India’s premier educational institution, Jawaharlal Nehru University (JNU), has been at the centre of a political storm in the last five years, frequently hogging national headlines. Unfortunately, most of this has been for the wrong reasons.
Matters came to a head once again on March 25, when JNU vice-chancellor M Jagadesh Kumar tweeted:
Few hundred students have broken into my residence at JNU and have confined my wife inside the house. She is alone at home and terrified. Very unfortunate.— Mamidala Jagadesh Kumar (@mamidala90) March 25, 2019
Students in JNU have been on a hunger strike to protest against various policies of the administration — including the new prospectus which, they claim, is exclusionary in nature, the online entrance examination and scuttling of deprivation points and reservation. It is these students and their supporters who are believed to have gheraoed Kumar’s residence on the university campus.
Shocking! They are JNU 'students'. They have gheraoed the Vice Chancellor @mamidala90 s residence. Chanting 'come out JNU VC', they lay a seige. As VC's wife is alone at home, terrified. It doesn't matter which ideology you belong to for outrightly calling for their arrest. pic.twitter.com/eausH3D9UY— Anindya (@AninBanerjee) March 25, 2019
The visuals appear disturbing given the fact that the VC’s wife is believed to have been alone in the residence when the incident happened.
In the last five years, however, JNU seems to have become habituated to a culture of increasingly violent protests.
Simmering tensions on campus came to a boil on February 9, 2016, when allegations of ‘anti-national’ slogans being raised surfaced. Several students — including then-JNU Students Union president and now aspiring neta Kanhaiya Kumar — were taken into custody.
This only led to a huge hardening of battle lines.
At the core of the fight is an ideological clash over the 'idea of India'.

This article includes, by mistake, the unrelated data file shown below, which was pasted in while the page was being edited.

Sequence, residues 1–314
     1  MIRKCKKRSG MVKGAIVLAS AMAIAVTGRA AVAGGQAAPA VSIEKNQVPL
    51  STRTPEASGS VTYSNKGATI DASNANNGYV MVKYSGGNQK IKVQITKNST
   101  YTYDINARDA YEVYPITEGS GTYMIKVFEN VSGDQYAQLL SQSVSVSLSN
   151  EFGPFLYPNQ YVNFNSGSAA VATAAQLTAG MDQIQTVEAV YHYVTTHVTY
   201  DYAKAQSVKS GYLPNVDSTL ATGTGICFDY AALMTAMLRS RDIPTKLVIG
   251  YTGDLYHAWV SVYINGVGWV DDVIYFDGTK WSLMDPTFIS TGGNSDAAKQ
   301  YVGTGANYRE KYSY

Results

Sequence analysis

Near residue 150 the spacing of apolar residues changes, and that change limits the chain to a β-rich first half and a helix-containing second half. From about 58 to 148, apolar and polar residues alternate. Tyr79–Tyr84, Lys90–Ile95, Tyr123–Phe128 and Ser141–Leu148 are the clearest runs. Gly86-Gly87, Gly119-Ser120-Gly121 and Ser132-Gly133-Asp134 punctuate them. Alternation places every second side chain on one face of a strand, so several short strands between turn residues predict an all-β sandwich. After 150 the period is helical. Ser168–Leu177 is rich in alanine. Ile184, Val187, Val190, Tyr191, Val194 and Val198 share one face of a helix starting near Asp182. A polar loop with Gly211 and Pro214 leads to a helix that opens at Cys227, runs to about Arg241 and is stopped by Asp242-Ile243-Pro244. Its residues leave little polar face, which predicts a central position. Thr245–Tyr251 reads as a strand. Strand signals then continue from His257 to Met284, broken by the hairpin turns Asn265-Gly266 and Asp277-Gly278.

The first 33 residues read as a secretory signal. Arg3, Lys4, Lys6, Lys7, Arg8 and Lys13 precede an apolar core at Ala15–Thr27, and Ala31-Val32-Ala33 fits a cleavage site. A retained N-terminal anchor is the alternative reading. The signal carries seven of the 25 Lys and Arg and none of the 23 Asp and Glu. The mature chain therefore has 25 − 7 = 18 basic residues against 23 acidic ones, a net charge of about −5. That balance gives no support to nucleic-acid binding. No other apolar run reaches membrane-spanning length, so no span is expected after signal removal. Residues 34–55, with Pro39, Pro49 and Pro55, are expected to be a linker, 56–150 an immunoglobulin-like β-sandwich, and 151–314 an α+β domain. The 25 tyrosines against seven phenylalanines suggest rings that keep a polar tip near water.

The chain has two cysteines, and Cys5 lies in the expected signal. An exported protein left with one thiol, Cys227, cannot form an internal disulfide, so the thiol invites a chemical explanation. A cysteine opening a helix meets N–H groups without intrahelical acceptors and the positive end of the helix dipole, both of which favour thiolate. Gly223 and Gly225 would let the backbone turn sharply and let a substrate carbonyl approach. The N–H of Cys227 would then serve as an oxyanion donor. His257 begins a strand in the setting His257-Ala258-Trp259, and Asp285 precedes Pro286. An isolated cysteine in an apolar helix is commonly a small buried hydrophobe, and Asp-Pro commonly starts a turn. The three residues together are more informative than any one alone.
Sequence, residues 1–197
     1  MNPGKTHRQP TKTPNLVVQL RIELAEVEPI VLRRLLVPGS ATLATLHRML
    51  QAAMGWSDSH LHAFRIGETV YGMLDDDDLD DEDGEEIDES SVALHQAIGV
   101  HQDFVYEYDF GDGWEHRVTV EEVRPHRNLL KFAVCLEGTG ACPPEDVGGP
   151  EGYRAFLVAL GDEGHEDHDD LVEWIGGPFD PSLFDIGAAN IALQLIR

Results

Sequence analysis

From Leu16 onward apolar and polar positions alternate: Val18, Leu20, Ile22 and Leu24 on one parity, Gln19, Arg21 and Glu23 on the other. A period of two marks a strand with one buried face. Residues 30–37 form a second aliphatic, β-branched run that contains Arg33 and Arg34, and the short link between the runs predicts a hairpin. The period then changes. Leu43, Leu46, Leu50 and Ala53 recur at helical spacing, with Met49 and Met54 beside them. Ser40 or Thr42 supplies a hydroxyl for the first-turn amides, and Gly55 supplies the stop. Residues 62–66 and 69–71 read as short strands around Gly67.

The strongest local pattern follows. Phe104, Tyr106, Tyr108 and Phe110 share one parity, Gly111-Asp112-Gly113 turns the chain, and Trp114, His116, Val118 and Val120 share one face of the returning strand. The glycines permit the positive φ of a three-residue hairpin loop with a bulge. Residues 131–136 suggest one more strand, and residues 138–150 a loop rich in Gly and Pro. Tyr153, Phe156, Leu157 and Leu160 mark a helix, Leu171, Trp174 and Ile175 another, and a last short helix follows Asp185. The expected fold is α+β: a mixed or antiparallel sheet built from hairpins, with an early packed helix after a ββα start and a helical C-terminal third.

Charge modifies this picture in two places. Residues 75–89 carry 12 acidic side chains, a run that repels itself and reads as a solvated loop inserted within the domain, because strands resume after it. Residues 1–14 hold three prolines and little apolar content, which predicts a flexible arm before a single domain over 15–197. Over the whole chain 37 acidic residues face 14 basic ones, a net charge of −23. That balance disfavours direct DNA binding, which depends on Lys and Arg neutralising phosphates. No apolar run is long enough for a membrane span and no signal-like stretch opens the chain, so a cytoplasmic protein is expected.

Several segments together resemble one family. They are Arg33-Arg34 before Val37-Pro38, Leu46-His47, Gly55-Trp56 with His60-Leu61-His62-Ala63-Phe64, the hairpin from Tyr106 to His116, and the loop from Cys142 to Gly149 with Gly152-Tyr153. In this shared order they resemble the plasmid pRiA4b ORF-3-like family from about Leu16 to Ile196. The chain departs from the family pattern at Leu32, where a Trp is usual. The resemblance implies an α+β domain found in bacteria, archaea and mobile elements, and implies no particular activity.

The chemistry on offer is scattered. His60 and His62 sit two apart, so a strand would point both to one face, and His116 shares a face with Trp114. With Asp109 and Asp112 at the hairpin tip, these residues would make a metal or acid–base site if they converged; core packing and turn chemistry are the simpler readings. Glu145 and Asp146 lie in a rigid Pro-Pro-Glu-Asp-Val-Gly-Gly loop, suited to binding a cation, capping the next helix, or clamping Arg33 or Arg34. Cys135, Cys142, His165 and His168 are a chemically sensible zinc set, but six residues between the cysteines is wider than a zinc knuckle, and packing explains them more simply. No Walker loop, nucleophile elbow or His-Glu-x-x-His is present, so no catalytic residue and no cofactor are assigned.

While one section of students demands ‘azadi’, calling it a struggle against the authoritarian regime of the Narendra Modi-led BJP government, the other group calls their demands a political move ‘detrimental to the unity and integrity of India’.
Many student leaders have shot to political prominence in the last five years — with some now headed for a fiesty electoral fight.
While Kanhaiya Kumar is himself contesting from Bihar’s Begusarai on a Communist Party of India (CPI) ticket, another student, Shehla Rashid, has joined ranks with former IAS officer Shah Faesal, joining his newly-announced political party, the Jammu and Kashmir Peoples' Movement (JKPM).
Both Kanhaiya Kumar and Shehla Rashid have joined politics ahead of the 2019 Lok Sabha elections. (Source: PTI)
Many now allege that JNU’s protests, which rocked the nation through much of 2016 and 2017, were little more than an attempt by some students to posture as Modi’s opponents and pave their political careers thus.
Even as the jury is out on that, there is growing resentment against VC Jagadesh Kumar — who is seen by many as slavishly trying to implement the government’s agenda on campus.
In 2017, Jagadesh Kumar had asked union ministers Dharmendra Pradhan and VK Singh to help JNU procure an army tank which could be put up on display on campus apparently to remind students of the sacrifices and valour of the soldiers.
Students allege Kumar is imposing notions of discipline, homogeneity, hierarchy and order in the name of an agenda they would fight tooth and nail.
Students have been against Kumar right from when news about his possible appointment started doing the rounds, owing to his alleged Rashtriya Swayamsevak Sangh (RSS) links. Kumar reportedly had an association with the RSS-led Vinjana Bharati.
But for a university that demands inclusiveness and freedom of expression for all, to oppose someone purely on the grounds of his alleged ideological links, is not exactly an objective opposition.
Students now reaching right at the JNU VC's house, raising slogans and allegedly trying to break open the gates, is a serious law and order problem.
Unfortunately, this problem is only intensifying in JNU. And while, ironically enough, both sides have several 'ideas of India', neither has any answers on how to break this deadlock.